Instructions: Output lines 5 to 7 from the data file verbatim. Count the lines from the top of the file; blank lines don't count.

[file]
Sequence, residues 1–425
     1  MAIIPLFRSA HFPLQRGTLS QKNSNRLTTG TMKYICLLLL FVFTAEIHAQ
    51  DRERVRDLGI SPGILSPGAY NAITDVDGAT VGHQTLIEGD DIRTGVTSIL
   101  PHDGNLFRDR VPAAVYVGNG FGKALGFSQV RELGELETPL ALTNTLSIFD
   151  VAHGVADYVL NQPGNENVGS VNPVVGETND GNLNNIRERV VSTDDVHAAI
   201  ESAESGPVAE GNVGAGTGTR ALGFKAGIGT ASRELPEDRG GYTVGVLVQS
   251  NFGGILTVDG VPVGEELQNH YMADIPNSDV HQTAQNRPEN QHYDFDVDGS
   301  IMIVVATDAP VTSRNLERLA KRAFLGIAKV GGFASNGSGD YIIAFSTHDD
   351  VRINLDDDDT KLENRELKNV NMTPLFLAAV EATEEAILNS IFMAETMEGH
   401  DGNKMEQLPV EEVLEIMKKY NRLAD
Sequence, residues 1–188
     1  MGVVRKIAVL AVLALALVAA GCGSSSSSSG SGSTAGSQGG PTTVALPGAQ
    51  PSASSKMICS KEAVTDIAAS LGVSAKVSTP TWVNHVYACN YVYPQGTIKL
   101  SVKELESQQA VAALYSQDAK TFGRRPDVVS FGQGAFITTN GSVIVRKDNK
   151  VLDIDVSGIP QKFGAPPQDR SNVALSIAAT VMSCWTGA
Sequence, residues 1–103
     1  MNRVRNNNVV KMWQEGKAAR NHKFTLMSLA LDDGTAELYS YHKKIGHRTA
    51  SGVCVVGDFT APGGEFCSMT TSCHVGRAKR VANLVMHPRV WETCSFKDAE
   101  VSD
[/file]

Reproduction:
   151  VAHGVADYVL NQPGNENVGS VNPVVGETND GNLNNIRERV VSTDDVHAAI
   201  ESAESGPVAE GNVGAGTGTR ALGFKAGIGT ASRELPEDRG GYTVGVLVQS
   251  NFGGILTVDG VPVGEELQNH YMADIPNSDV HQTAQNRPEN QHYDFDVDGS